CMS Updates CGM Eligibility to Broaden Coverage for Beneficiaries

New CMS changes aim to broaden coverage of continuous glucose monitoring (CGM) devices.

Recently, CMS announced significant changes to how it would cover continuous glucose monitoring (CGM) devices for Medicare beneficiaries with diabetes. Specifically, it permanently eliminated the 4 times or more per day testing requirement for devices to qualify as CGM, and broadened coverage for those who use inhaled insulins by permitting multiple daily “administrations” of any insulin. Previously, this guidance was restricted to insulin “injections.”

According to the Local Coverage Determination (LCD), no evidence exists to support that frequent self-monitoring blood glucose (SMBG) over 4 times per day “as a prerequisite for initiating CGM use is predictive of improved health outcomes.” This stance is also supported by several diabetes organizations including the Endocrine Society, Diabetes Canada, and the Chinese Diabetes Society, all of which do not endorse a prerequisite baseline SMBG frequency before using CGM.

Revisions will become effective on July 18, 2021. The changes mark a significant step forward for many diabetes advocates, including the Association of Diabetes Care & Education Specialists (ADCES).

“This updated Local LCD was a direct result of coordinated advocacy efforts among patient and provider groups, as well as industry partners, coalitions and other entities,” said Kate Thomas, the chief advocacy and external affairs officer at ADCES.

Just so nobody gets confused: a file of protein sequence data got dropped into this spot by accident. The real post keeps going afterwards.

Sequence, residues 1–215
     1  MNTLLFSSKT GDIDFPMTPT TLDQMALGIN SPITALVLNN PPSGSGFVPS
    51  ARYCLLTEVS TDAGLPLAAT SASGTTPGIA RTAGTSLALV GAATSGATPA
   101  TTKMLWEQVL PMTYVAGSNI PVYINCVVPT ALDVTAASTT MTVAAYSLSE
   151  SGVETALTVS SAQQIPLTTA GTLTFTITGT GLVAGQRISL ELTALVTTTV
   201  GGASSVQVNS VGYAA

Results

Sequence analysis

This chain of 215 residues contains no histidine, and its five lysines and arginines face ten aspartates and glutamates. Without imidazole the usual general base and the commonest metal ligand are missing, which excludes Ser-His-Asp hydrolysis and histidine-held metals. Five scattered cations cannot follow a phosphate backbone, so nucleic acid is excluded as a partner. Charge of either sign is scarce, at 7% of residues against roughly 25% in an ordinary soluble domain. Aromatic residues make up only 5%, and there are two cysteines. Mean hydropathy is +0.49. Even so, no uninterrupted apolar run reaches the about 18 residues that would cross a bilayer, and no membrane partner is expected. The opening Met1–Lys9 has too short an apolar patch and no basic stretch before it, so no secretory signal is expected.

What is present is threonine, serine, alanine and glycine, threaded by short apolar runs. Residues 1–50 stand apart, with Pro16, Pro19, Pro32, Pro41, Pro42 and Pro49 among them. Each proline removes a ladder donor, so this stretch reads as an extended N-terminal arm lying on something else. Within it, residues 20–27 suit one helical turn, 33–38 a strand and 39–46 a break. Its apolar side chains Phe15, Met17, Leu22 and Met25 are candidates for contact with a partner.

Additional updates included:

  • Removing “Medicare-covered” from continuous subcutaneous insulin infusion (CSII) pump criterion language for CGMs
  • Clarification of coding verification language for products billed as K0554
  • Revision of 5 minutes for measuring interstitial fluid of glucose content by a CGM devise to 1 minute

CMS coverage of CGM devices has been a hotly contested issue for years, both in and outside of the courtroom. Currently, around one-third of Medicare beneficiaries have diabetes.

These new revisions come after a rule proposed in 2020 would expand the interpretation regarding when external infusion pumps are appropriate for use in the home and can be covered as durable medical equipment under Medicare Part B.

Despite these recent gains, advocates note that more work needs to be done. “We know there are more changes that must be made and ADCES is working with the Diabetes Technology Access Coalition to push for additional improvements, including removing the requirement for multiple daily injections of insulin to qualify for a CGM device,” Thomas said.

The American Diabetes Association (ADA) also praised the announcement, calling it a “big win for the diabetes community” and tweeting, “The removal of this criterion has been an effort long-led by the ADA, on which we have been actively engaged with CMS. People with diabetes on Medicare will now be able to more easily access this critical piece of technology, leading to better diabetes management and better health outcomes.”

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